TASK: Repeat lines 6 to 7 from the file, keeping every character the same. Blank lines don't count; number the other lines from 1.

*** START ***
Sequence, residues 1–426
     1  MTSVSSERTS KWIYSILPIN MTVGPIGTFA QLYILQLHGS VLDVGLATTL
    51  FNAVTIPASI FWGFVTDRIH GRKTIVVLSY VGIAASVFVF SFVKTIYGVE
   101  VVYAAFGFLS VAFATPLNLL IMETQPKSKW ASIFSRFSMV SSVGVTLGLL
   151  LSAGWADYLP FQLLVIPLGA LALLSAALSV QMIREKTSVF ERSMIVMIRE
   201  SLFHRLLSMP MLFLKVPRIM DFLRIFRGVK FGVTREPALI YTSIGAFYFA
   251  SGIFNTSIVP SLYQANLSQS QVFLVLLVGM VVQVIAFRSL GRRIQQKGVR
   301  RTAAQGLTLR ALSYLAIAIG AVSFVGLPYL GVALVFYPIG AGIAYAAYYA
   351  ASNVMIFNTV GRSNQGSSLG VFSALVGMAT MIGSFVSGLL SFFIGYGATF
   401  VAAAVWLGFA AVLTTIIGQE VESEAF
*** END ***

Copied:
   201  SLFHRLLSMP MLFLKVPRIM DFLRIFRGVK FGVTREPALI YTSIGAFYFA
   251  SGIFNTSIVP SLYQANLSQS QVFLVLLVGM VVQVIAFRSL GRRIQQKGVR